April 2, 2019
One of the major changes in the Income Tax (Transfer Pricing) Regulations 2018 (NTPR) is the introduction of administrative penalties. The NTPR imposes penalties for failure to timely submit the Transfer Pricing (TP) statutory forms, failure to submit the TP documentation and failure to provide documents requested by the Federal Inland Revenue Service (FIRS or the Service) within the stipulated time amongst others.
By its Public Notice of 3 October 2018, the FIRS granted taxpayers up to 31 December 2018 to fulfill all pending compliance obligations and further stated that it would impose the administrative penalties under the NTPR on taxpayers with outstanding compliance obligations beginning 1 January 2019.
The FIRS has since 1 January 2019 written letters imposing administrative penalties on taxpayers who allegedly failed to regularize their compliance records. Some of these letters have imposed penalties for alleged non-compliance which occurred while the now revoked Income Tax (Transfer Pricing) Regulations 2012 (TPR 2012) was in force.
The foregoing has raised the following concerns among taxpayers:
This article aims to review these questions based on the provisions of the relevant laws and regulations.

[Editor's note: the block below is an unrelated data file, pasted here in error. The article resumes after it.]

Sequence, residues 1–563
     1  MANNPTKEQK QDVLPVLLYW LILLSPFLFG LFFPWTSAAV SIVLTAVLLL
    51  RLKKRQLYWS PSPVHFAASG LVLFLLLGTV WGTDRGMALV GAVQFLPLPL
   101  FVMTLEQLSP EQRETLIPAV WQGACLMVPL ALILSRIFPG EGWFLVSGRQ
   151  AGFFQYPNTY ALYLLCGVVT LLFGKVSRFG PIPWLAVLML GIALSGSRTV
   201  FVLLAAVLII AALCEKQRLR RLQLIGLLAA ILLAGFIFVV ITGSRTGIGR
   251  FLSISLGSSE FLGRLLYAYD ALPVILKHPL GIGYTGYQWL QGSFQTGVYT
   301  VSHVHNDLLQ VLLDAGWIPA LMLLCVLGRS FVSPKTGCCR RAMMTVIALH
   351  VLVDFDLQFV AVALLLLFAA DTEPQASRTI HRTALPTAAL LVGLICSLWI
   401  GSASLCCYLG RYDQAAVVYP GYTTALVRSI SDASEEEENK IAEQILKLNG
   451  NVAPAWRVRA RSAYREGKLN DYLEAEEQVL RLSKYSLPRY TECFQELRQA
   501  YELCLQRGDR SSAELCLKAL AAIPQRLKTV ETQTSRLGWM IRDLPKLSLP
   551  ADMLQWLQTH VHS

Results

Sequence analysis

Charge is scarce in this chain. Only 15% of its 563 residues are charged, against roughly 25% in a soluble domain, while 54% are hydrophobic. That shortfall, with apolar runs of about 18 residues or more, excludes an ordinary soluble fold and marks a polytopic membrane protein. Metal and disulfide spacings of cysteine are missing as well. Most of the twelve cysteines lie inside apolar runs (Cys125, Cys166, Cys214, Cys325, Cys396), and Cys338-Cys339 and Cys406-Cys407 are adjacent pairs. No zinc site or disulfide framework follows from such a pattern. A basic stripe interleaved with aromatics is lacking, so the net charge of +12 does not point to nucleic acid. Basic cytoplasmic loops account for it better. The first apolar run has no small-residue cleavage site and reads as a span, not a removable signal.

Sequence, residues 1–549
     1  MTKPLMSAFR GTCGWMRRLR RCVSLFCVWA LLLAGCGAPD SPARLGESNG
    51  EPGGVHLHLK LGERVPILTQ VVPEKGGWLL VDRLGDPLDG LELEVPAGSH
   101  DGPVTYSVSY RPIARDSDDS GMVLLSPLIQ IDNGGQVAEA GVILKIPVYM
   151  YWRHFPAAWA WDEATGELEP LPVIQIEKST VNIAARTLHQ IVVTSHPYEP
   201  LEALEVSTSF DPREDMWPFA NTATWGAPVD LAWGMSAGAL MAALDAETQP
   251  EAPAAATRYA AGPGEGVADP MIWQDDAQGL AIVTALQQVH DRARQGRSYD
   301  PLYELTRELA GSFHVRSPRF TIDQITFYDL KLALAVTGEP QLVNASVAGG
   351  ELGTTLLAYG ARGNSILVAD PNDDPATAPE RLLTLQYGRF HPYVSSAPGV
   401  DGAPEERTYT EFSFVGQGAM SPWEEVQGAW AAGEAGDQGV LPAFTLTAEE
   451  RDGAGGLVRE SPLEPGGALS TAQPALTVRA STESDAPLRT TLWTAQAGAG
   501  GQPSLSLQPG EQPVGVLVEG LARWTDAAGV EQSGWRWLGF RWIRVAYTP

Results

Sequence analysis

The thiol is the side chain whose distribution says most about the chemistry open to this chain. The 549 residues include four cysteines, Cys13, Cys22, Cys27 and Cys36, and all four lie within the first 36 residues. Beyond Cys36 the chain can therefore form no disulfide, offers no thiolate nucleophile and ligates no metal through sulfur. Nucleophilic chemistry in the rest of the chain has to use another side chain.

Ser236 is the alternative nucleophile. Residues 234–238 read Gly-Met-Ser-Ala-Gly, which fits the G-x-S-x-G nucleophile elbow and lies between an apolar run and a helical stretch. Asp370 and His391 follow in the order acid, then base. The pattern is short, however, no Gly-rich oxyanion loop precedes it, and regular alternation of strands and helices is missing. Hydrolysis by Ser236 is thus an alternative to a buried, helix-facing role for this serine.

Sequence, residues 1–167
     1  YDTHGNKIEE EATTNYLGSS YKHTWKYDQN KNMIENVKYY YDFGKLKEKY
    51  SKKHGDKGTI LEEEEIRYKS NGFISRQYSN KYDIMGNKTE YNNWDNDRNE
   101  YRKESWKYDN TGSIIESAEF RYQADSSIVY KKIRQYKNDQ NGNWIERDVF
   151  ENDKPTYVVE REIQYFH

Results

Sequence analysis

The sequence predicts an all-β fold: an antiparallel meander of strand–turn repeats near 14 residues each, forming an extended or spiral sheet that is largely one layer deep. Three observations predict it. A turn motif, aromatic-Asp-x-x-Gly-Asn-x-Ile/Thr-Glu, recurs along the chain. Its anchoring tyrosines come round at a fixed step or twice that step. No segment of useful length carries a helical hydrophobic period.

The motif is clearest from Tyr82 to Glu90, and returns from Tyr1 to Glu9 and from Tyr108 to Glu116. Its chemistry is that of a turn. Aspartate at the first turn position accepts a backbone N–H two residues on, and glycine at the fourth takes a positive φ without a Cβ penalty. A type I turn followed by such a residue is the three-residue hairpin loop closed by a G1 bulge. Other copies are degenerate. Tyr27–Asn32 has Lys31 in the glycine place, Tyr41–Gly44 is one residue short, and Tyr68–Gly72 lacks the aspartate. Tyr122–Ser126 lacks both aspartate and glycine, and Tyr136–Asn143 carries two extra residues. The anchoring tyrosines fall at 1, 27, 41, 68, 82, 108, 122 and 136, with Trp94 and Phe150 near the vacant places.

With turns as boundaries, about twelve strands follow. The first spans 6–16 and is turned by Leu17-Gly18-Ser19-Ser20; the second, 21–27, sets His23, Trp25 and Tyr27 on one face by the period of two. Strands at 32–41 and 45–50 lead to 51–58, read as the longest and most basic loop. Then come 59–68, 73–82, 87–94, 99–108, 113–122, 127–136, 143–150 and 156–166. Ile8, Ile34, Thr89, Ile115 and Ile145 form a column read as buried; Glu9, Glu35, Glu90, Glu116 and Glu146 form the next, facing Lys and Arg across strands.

Regulations are rules and administrative codes which receive the force of law from an enabling legislation. For instance, Section 61 of the FIRS (Establishment) Act (FIRSEA) empowers the Board of the FIRS, subject to the approval of the Minister of Finance, to make rules and regulations that in its opinion are necessary or expedient for giving full effect to the provisions of the Act and for its due administration. The FIRS has therefore issued the NTPR to give effect to the provisions of the Companies Income Tax Act (CITA), Petroleum Profit Tax Act, Personal Income Tax Act, Capital Gains Tax Act, and Value Added Tax Act.
There have been divergent views on the powers of the FIRS to introduce penalties via a regulation. One school of thought is that where the enabling Acts do not include specific penalties for non-compliance, the FIRS cannot levy penalties. The FIRS can only make adjustments where the RPTs are deemed to be artificial or unreasonable from an arm’s length perspective, as provided in the relevant Acts.
The second school of thought proposes that the FIRS can introduce penalties via a regulation. This appears to be supported by Section 12 of the Interpretation Act which provides that where an Act confers a power to make a subsidiary instrument, the power shall include power to prescribe punishments for contraventions of provisions of the instrument.